RISMEDIA, October 24, 2009—The good news: in the middle of a really tough economy, you land a job offer. The bad news: you have to explain to your 14-year-old that it means moving out of state. Whether it’s for a new career opportunity or to move when a current employer relocates its business, people who may not otherwise have considered relocating are facing the potential of moving boxes in their future.
There are, however, steps you can take to make the transition more manageable:
Do your homework as a family: Like most homework, this research will start with the Internet. City and state official websites are a good starting point to get a sense of the school system, recreation and services. Look to local bloggers to get the “voice” of a neighborhood, including city, or even neighborhood focused real estate blogs. Divide up the research among the family so everyone gets to be an expert.
Take time to talk about the unknown: With everything that goes into relocation, it is easy to turn family life into a never-ending series of “to do” lists. Find time to let your family talk out loud about the move. Some days it will seem like a great adventure, other days it’ll be daunting. Let your kids know that’s okay.
Find where your hobbies live: If a family member has a special hobby or sport, locate the best ways to connect with that passion as soon as you get to the new location- it’ll feel more like home when everyone is doing what they love.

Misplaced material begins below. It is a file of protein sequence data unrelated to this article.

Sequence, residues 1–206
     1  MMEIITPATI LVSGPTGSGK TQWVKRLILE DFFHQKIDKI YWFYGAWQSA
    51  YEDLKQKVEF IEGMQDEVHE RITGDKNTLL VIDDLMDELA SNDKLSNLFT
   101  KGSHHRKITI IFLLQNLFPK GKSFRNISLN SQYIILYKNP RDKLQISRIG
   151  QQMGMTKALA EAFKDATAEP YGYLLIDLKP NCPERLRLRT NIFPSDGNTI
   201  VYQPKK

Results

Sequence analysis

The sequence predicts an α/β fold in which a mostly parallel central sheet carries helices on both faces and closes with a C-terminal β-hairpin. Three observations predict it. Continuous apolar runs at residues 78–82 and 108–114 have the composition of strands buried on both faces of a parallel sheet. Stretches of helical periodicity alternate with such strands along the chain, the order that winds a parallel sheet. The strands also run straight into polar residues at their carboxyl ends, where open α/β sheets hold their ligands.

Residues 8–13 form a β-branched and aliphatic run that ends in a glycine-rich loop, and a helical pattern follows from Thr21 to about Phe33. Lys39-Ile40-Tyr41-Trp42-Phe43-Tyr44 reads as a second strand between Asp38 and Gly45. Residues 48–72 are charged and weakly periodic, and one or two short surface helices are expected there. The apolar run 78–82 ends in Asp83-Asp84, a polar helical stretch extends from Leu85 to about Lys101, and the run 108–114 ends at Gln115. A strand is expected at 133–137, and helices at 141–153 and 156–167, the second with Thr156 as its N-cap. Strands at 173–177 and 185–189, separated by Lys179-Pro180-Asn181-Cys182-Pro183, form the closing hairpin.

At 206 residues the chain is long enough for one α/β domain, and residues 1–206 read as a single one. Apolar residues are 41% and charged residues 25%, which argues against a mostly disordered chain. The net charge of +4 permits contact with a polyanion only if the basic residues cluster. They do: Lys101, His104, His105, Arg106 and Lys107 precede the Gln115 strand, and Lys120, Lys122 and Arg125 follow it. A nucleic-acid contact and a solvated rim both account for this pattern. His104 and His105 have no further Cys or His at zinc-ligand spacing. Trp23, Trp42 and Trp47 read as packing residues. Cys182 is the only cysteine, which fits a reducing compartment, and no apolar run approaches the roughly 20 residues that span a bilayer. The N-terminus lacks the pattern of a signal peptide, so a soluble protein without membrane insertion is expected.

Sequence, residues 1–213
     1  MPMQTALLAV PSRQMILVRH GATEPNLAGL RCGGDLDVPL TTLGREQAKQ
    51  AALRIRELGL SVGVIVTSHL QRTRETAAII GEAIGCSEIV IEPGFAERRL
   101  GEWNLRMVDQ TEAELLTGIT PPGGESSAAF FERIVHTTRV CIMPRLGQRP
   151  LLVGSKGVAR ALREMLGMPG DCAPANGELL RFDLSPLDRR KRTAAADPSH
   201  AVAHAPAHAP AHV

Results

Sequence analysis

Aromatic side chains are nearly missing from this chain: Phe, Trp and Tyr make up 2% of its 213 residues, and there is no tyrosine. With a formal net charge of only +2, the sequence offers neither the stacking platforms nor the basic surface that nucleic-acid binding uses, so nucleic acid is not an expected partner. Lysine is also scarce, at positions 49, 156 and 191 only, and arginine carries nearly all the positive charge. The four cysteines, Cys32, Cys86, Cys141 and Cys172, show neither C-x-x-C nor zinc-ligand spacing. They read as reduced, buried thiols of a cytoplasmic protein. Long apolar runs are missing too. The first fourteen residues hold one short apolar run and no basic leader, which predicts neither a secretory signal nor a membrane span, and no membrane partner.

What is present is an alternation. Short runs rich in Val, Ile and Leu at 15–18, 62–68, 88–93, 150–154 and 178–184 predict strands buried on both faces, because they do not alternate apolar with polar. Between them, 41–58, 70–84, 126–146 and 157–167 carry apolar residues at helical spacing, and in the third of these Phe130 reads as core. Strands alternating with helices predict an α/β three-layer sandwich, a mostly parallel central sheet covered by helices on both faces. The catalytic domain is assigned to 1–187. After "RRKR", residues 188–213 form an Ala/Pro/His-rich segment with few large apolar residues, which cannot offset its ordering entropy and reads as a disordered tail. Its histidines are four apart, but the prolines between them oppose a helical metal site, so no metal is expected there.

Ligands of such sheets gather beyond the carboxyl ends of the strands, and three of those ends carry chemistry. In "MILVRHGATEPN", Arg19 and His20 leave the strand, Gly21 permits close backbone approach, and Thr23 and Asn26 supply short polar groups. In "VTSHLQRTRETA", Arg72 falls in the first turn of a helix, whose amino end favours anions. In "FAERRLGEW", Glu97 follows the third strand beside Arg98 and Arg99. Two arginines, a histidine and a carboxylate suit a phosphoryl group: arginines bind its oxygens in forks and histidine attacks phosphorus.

Start gathering medical and school records: We’d like to think we live in a paperless world- that is, until we roll into the emergency room in a new town and can’t access key information. Start gathering data from your physician, dentist and school administrators earlier rather than later.
Tap into the professionals: Finding the right real estate agent and a good mover can make the difference between a straightforward- or a nightmare-relocation experience. Whether you’re looking to purchase a new home right away or are opting to rent an apartment or home while you familiarize yourself with the area, these professionals can provide both guidance and support during your relocation. Take time to check out reviews, get references from people you trust and then narrow down options to a short list. It’s worth the work to get these relationships right.
“Having professionals on your side makes every difference during a move,” says Sharon Asher, chairman and founder, Relocation.com. “It’s understandable to want to do it all yourself, but people who are able to rely on strong professional services throughout the process come out of the experience saying the move was much more straightforward than if they had tried to handle it all on their own.”
For more information, visit www.relocation.com.
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